Animated digital signs won’t become a visual blight on Kelowna.
A new sign bylaw being developed by the city planning department calls for digital animated signs to be banned on commercial buildings, but allowed for public service buildings such as churches or schools.
These signs are common in urban centres and use LCD (Liquid Crystal Display, LED (Light Admitting Diode), projection and electronic-paper to display digital images, video, web pages or text.
“While new technologies allow sign lighting levels to be better controlled, there does not appear to be any benefit to residents of the city in expanding the deployment of these signs and it would not add to the visual character of the community,” stated a sign bylaw report to city council.
“Based on city policy and public comment, there does not appear to be any compelling reason to expand digital animated signage to commercial zones with this iteration of the bylaw.”
The report was discussed at Monday’s council meeting, as an update to the ongoing review process of the sign bylaw.
Ryan Smith, City of Kelowna community planning department manager, said the review process began in the fall of 2015 and has been done internally, resulting in the process being delayed at times due to staff shortages and other planning priorities.
“Signage is one of those projects that is not particularly glamorous to work on and everyone has an opinion about it so it is hard to come up with policies that please everyone,” Smith told council.
“We have had four different planners working on this file since 2015. I was the first.”
The update presented by Smith to council was the result of consultation work done with the public and stakeholders in the signage business to revise a signage bylaw that has fallen under criticism for being confusing and excessively bureaucratic.
Smith said the latest revision phase, which council approved, calls for changes in many existing signage bylaw rules.
Besides the digital signage aspect, a potential ban is also proposed for temporary portable signs because they create visual clutter.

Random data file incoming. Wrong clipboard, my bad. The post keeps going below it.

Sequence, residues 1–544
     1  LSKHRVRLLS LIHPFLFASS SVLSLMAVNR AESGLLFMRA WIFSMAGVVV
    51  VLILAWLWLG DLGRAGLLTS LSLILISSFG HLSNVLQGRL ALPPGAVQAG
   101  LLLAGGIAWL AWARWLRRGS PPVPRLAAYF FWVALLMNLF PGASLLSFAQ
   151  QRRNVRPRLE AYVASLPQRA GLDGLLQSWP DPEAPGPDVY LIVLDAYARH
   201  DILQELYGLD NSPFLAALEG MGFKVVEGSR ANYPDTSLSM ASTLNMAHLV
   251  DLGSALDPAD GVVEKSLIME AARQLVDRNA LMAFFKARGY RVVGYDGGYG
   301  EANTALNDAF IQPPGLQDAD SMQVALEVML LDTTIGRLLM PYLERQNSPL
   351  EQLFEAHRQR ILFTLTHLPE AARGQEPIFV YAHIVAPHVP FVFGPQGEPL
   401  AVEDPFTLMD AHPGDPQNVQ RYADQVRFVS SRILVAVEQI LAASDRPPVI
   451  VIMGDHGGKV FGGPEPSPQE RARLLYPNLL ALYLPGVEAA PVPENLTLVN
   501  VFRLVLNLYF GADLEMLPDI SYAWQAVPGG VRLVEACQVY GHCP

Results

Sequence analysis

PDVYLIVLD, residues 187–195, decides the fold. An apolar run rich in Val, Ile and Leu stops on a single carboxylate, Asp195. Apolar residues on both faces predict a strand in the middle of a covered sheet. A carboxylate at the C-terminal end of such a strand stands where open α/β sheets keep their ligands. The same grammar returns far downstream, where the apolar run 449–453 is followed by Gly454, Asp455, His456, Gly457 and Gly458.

Council had expressed concerns about the impact of such a ban on small businesses, so staff has proposed new rules for temporary portable signs, subject to a review in three years to judge their effectiveness.
Agricultural land signs would remain limited in size from one to three square metres depending on the land parcel size.
Temporary marketing signs hung on building facades would be limited to 90 days per year.
Sandwich board signs would be permitted on private property during business hours only and specifically along the wider sidewalks of Bernard Avenue.
There is a ban in place currently for this form of signage, which several groups consulted have called excessive regulation while only 25 per cent of 598 survey respondents found them intrusive or very intrusive.
Real estate signs would fall under residential, with a six-month time limit, and commercial properties, subject to replacement or removal when showing evidence of weather wear or graffiti.
The review also calls for the hiring of another bylaw officer to focus on policing the signage bylaw, with the cost of $86,000 a year paid for by permit fees and bylaw violation fines.
Coun. Luke Stack applauded the added bylaw enforcement position.
“The real offending type signs are obvious but we need someone in place to focus on that, rather than being a shared-job responsibility, and get it dealt with,” Stack said.
Mayor Colin Basran said revising the existing sign bylaw is not an easy undertaking.
“I myself wish it had gone a little bit further in some areas but it’s hard to please everyone and this is a good middle ground,” he said of the bylaw revisions.
To report a typo, email: firstname.lastname@example.org.